Louisville Bride

FAL-WIN 2015

Louisville Bride magazine is Louisville, Kentucky's premier bridal publication, featuring photos of wedding gowns and listings for Louisville reception halls, caterers, wedding planners, photographers, and other wedding service providers.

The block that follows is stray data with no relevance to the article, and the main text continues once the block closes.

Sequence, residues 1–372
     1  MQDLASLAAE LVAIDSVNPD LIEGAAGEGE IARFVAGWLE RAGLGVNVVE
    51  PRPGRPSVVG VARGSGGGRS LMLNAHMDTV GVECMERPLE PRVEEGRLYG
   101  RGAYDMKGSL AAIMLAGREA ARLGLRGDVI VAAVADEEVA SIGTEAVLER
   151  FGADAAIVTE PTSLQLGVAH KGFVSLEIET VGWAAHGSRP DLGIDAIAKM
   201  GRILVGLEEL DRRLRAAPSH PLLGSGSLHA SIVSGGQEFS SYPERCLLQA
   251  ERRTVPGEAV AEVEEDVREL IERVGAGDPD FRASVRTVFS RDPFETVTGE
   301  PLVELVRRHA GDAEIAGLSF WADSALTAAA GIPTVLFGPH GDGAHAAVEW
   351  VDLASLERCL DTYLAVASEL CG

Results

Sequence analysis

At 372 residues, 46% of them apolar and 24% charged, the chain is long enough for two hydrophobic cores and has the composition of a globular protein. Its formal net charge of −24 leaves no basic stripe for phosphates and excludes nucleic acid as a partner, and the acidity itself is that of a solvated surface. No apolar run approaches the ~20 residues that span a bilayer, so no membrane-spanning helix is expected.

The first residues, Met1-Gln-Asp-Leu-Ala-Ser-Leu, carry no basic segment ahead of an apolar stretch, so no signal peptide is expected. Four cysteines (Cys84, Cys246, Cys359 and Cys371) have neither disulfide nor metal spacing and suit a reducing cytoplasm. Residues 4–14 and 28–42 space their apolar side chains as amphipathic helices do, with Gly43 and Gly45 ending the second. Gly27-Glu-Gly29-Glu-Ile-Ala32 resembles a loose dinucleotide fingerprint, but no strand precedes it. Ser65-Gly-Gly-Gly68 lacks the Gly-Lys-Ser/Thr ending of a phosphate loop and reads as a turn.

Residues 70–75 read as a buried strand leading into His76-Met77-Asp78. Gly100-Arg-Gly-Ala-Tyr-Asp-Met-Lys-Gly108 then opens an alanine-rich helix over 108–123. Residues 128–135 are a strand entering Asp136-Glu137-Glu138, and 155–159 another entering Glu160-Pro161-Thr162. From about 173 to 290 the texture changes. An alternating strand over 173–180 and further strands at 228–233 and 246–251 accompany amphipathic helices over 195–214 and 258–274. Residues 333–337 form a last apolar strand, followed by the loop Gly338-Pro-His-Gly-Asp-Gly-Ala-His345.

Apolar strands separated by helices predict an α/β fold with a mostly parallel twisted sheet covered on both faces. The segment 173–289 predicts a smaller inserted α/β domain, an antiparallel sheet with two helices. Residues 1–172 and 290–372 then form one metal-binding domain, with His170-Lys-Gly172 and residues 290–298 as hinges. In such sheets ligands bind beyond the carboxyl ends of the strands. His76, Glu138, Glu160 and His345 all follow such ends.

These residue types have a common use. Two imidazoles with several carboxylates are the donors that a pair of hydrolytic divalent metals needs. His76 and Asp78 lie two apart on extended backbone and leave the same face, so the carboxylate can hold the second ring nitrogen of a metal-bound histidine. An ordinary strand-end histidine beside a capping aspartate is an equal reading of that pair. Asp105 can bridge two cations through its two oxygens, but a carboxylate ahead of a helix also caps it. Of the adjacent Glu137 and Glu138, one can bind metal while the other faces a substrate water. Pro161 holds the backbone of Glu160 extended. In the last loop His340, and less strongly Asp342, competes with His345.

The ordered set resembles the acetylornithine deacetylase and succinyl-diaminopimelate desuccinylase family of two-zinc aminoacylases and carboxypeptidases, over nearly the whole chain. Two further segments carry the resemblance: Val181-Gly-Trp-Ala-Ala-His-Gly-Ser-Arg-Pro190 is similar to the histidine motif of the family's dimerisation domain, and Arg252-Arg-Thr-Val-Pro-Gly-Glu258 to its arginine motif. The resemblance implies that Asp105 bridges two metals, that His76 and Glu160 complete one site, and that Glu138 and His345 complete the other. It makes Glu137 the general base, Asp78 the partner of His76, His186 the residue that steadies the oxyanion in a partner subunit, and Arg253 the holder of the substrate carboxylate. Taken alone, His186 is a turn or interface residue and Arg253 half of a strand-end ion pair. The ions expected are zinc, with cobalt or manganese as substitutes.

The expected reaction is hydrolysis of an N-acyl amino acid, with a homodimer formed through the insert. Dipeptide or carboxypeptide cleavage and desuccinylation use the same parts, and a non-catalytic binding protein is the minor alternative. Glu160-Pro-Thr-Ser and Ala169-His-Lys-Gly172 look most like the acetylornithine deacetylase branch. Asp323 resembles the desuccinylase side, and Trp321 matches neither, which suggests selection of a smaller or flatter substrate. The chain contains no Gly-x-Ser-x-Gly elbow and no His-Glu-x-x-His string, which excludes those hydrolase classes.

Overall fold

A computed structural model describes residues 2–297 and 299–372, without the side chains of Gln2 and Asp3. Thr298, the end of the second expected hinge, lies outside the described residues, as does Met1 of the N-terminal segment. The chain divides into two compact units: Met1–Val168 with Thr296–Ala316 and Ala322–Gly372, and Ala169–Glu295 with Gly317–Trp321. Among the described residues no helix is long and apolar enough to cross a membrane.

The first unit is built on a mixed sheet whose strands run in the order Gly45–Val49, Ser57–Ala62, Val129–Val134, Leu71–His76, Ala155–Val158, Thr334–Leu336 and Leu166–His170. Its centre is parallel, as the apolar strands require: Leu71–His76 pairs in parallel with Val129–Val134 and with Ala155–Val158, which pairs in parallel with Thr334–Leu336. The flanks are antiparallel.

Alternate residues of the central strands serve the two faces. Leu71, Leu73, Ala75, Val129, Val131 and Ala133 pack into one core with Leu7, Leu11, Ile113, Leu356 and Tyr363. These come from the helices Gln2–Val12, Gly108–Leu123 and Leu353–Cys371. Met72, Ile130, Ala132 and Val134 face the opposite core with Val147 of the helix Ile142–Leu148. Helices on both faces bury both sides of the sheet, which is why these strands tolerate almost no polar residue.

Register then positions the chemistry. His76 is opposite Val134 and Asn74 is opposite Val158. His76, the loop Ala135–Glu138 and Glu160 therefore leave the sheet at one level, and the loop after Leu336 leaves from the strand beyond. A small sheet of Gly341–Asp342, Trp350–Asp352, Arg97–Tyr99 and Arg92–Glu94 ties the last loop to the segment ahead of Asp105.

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9 6 Fa l l | Wi n t e r B R I D E 2 0 1 5 Planing the Perfect Wedding From the pen of Emily Post So, Emily, how should I decide who to invite to my wedding? In the cities where a Social Register or other Visiting Book is published, people of social prominence fnd it easiest to read it through, marking "XX" in front of the names to be asked to the house, and another mark, such as a dash, in front of those to be asked to the church only, or to have announcements sent them. Other names which do not appear in the printed list may be written as "thought of" at the top or bottom of pages. In country places and small- er cities, or where a published list is not available, or of suf- cient use, the best assistant is the telephone book. I want to have my reception at home, like that ador- able couple on my favorite wedding blog. I've spent like a thousand hours on Pinter- est, but am still at a loss for ideas. Give me your vision for a beautiful at-home reception. At the house, there is not only a foral bower under which the bridal couple receive, but every room has been turned into a veritable woodland or garden, so massed are the plants and fowers. An orchestra—or two, so that the playing may be without intermission—is hidden behind palms in the hall or wherever is most convenient. A huge canopied platform is built on the lawn or added to the veranda (or built out over the yard of a city house), and is decorated to look like an enclosed formal garden. It is packed with small tables, each seating four, six, or eight, as the occasion may require. So what kinds of trends are you seeing in bridal makeup this year? As a warning against the growing habit of artifce, it may not be out of place to quote one commentary made by a man of great distinction who, having Post's book Etiquette, in Society, in Business, in Politics, and at Home was published in 1922. She died in 1960, but this is how she might answer our wedding planning questions today — through quotes culled from her writing. seen nothing of the society of very young people for many years, "had to go" to the wedding of a niece. It was one of the biggest weddings of the spring season in New York. The fowers were wonderful, the bridesmaids were many and beautiful, the bride lovely. Afterwards the family talked long about the wedding, but the distinguished uncle said nothing. Finally, he was asked point blank: "Don't you think the wedding was too lovely? Weren't the bridesmaids beautiful?" "No," said the uncle, "I did not think it was lovely at all. Every one of the bridesmaids was so powdered and painted that there was not a sweet or fresh face among them—I can see a procession just like them any evening on the musical comedy stage! One expects makeup in a theater, but in the house of God it is shocking!" Well, OK, then. My future husband is kind of fashion-im- paired. Any advice for him on the big day? If he does not already possess a well-ftting morning coat (often called a cutaway) he must order one for his wedding. The frock coat is out of fashion at the moment. He must also have dark striped gray trousers. At many smart weddings, especially in the spring, a groom (also his best man) wears a white piqué high double-breasted waistcoat, because the more white that can be got into an otherwise sombre costume, the more wedding-like it looks. Bachelor parties are so tacky these days! What were they like in your time? Popularly supposed to have been a frightful orgy, and now arid as the Sahara desert and quite as fat and dreary, the bachelor dinner was in truth, more often than not, a sheep in wolf's clothing. It is quite true that certain big clubs and restaurants had rooms especially constructed for the purpose, with walls of stone and nothing breakable within hitting distance, which certainly does rather suggest frightfulness. As a matter of fact, "an orgy" was nev- er looked upon with favor by any but silly and wholly misguided youths, whose idea of a howling good time was to make a howling noise; chiefy by singing at the top of their lungs and breaking crockery. A boisterous picture, but scarcely a vicious one! Orgies and broken crockery? Eek! So, um, I hear about a lot of people opting for passed appetizers at their weddings instead of a full dinner. What's the food at these receptions like? Always there are dishes flled with little fancy cakes, chosen as much for looks as for taste. There is usually a big urn at one end flled with bouillon and one at the other flled with chocolate or tea. In four evenly spaced places are placed two cold dishes such as an aspic of chicken, or ham mousse, or a terrine de foie gras, or other aspic. The hot dishes may be a boned capon, vol-au-vent of sweetbread and mushrooms, creamed oysters, chicken à la King, or chicken croquettes; or there may be cold cuts, or celery salad, in tomato aspic. Last question: how do I avoid making an ass of myself on my wedding day? The most beautiful wedding ever imagined could be turned from sacrament to circus by the indecorous behavior of the groom and the fippancy of the bride. She, above all, must not reach up and wig-wag signals while she is receiving, any more than she must wave to people as she goes up and down the aisle of the church. She must not cling to her husband, stand pigeon-toed, or lean against him or the wall, or any person, or thing. She must not run her arm through his and let her hand fop on the other side; she must not swing her arms as though they were dangling rope; she must not switch herself this way and that, nor must she "hello" or shout.

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